Yes, I have. And have come to the conclusion that Norton is a virus in itself: it takes over the PC and runs scans in the background if not all the time, at the worst moments. It slows the machine down as if it were an 800-lbs passed-out gorilla and it's impossible to disable, which you have to do for some software maintenance operations. I have worked on lots of machines with Norton installed (any version) and have found them all to be slow performers, sometimes slow to the point of being unusable. McLafee is pretty much the same: less intrusive than Norton, but still slows down the machine and interferes with some operations, and, again, it's not possible to disable other than by killing its process -which in Windows, lacking a console and a kill -9 command, it's sometimes very difficult, as processes will restart themselves as soon as they're terminated.
    Wer die Wahl hat, hat die Qual.

  12. #12
    Mac Security Software
    harryb2448's Avatar
    Member Since
    Nov 28, 2007
    Location
    Nambucca Heads Australia
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    Specs:
    iMac i5 2.7GHz, 16GB memory, OS 10.10.5
    Yes, I have. And have come to the conclusion that Norton is a virus in itself:

    So true and consider ~ why pay to download PC virus definitions on to a Mac computer when the Unix operating system will not allow PC viruses to spawn? There are mo Mac OS X viruses so no definitions are available.

  13. #13
    Mac Security Software
    Zoolook's Avatar
    Member Since
    Sep 24, 2006
    Location
    Brooklyn, New York
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    2,756
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    Quote Originally Posted by JBob2 View Post
    Have you even tried the current Norton Internet Security on the PC or Mac? It works great on both. Do a little research before making ridiculous comments. It doesn't help anyone.
    On the Mac, it's completely unnecessary, so I am not even going to rise to that. On the PC, Norton is widely agreed to be buggy, a resource hog and in some cases as difficult to remove from your system as a virus itself - not to mention needlessly expensive. MacAfee is just a joke.

    Norton corporate/enterprise is actually quite a lot better - I have it on my office PC (I have no choice) and it's fairly unobtrusive. But the home version is a pain, especially if you're a gamer or a tinkerer. There are far better solutions.

    As for your snide comment, it got a negative rep from me (I don't do anonymous). I think my comment WAS helpful, and I generally try to add value to this forum in any way I can. 30+ years of experience with computers helps in that regard - the reason I didn't go into a bunch of better PC solutions, is because this is not a PC forum - however I'd recommend these ahead of either Norton or MacAfee:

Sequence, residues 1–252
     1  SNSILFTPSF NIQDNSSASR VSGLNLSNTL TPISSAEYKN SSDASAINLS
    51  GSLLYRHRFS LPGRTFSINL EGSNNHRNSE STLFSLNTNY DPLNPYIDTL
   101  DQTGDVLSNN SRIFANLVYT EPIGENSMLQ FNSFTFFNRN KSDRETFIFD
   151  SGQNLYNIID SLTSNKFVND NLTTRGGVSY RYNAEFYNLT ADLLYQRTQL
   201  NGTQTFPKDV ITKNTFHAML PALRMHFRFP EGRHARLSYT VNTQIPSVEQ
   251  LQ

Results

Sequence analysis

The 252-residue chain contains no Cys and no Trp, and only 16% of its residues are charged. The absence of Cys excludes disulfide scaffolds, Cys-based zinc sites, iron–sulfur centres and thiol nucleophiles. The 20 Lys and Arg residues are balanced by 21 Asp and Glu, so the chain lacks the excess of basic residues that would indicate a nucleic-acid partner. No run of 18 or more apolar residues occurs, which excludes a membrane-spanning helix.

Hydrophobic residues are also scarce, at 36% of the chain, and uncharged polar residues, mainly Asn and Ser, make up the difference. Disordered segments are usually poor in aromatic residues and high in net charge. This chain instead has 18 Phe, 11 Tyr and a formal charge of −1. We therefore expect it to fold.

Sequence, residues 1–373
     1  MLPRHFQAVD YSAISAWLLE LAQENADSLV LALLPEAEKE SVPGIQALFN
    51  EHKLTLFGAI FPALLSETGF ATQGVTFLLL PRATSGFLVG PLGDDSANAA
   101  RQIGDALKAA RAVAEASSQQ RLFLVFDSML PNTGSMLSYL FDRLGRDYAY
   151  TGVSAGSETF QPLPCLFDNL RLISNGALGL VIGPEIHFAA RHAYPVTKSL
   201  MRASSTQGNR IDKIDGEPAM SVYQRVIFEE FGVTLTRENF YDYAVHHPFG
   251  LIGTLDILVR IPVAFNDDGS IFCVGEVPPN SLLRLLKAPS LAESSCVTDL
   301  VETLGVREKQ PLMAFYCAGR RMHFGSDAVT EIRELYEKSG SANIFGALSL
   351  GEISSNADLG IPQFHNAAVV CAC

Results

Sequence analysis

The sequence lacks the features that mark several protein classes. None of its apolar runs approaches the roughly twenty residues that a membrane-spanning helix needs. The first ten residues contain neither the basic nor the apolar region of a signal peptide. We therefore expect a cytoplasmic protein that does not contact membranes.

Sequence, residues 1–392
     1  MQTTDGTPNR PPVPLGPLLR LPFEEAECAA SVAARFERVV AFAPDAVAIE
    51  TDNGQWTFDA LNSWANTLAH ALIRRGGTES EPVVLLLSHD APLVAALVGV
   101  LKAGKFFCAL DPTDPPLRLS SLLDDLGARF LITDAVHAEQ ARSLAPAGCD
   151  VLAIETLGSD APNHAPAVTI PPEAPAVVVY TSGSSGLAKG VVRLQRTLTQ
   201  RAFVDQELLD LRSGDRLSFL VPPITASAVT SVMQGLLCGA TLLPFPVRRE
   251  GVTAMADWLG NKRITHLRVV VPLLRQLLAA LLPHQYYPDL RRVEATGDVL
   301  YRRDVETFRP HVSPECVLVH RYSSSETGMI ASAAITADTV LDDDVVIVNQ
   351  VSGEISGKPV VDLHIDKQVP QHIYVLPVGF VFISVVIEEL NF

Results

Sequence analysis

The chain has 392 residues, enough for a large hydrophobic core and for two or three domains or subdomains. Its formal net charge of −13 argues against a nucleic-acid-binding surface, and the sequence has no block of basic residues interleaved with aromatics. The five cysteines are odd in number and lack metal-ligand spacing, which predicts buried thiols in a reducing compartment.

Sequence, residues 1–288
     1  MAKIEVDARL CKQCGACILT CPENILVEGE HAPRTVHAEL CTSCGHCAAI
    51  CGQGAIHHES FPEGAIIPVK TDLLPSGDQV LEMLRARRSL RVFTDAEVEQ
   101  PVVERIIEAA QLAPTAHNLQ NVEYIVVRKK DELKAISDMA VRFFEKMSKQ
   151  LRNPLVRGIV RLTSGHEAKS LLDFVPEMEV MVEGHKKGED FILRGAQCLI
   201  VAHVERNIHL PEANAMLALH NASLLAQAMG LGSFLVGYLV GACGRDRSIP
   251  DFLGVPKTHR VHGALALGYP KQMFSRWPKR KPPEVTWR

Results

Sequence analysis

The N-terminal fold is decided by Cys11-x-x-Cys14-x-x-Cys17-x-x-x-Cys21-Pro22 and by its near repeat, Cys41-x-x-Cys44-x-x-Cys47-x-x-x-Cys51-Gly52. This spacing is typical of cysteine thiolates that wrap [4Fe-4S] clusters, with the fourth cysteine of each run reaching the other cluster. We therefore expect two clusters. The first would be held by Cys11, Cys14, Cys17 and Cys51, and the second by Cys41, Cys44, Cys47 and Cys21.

- Windows Defender (it's free, and no one has more interest in keeping your system safe than Microsoft)
    - Kaspersky (low price, small footprint. This is the one you want on your VM or low powered machine)
    - Bit Defender (never bothers you, easy to install or remove, attacks malware, very affordable)
    - AVG (free version, actually pretty good although slightly clunky interface)

    Cheers.
    In the land of the blind, the one-eyed man is stoned to death.
    - Joan D. Vinge


  14. #14
    Mac Security Software
    bobtomay's Avatar
    Member Since
    Dec 22, 2006
    Location
    Texas, where else?
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    26,209
    Specs:
    15" MBP '06 2.33 C2D 4GB 10.7; 13" MBA '11 1.8 i7 4GB 10.10; 21" iMac '13 2.9 i5 8GB 10.10; 5s & 5c
    Quote Originally Posted by Zoolook View Post
    On the Mac, it's completely unnecessary, so I am not even going to rise to that. On the PC, Norton is widely agreed to be buggy, a resource hog and in some cases as difficult to remove from your system as a virus itself - not to mention needlessly expensive. MacAfee is just a joke.

    Norton corporate/enterprise is actually quite a lot better - I have it on my office PC (I have no choice) and it's fairly unobtrusive. But the home version is a pain, especially if you're a gamer or a tinkerer. There are far better solutions.

    As for your snide comment, it got a negative rep from me (I don't do anonymous). I think my comment WAS helpful, and I generally try to add value to this forum in any way I can. 30+ years of experience with computers helps in that regard - the reason I didn't go into a bunch of better PC solutions, is because this is not a PC forum - however I'd recommend these ahead of either Norton or MacAfee:

    - Windows Defender (it's free, and no one has more interest in keeping your system safe than Microsoft)
    - Kaspersky (low price, small footprint. This is the one you want on your VM or low powered machine)
    - Bit Defender (never bothers you, easy to install or remove, attacks malware, very affordable)
    - AVG (free version, actually pretty good although slightly clunky interface)

    Cheers.
    +1

    I would never advise anyone (well, not anyone I like) use Norton or McAfee. I haven't met anyone that works in the tech support side of the industry in at least 10 years that would recommend Norton to anyone except their worst enemies. (Have the corporate McAfee here - no choice - I finally convinced the owner to get a good hardware firewall solution a couple of weeks ago and disable the totally unreliable McAfee one. If one machine told McAfee not to allow java or Adobe reader or any number of other things to access the internet, it would take down our entire local network - and what a pitr trying to troubleshoot the thing.)

    and to add a few more very good pieces of windows software:

    - MSE (Microsoft Security Essentials: free and actually a quite good, low overhead a/v)
    - avast (another free a/v, and preferred over AVG by a great many of us that use to use AVG exclusively)
    - nod32 (not free, but for those that feel compelled to pay money for protection, this is another excellent piece of a/v software)
    I cannot be held responsible for the things that come out of my mouth.
    In the Windows world, most everything folks don't understand is called a virus.

  15. #15
    Mac Security Software
    Zoolook's Avatar
    Member Since
    Sep 24, 2006
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    +1 on nod32, completely forgot about that one. Also MSE is much better than Defender, Defender doesn't actually have an AV.
    In the land of the blind, the one-eyed man is stoned to death.
    - Joan D. Vinge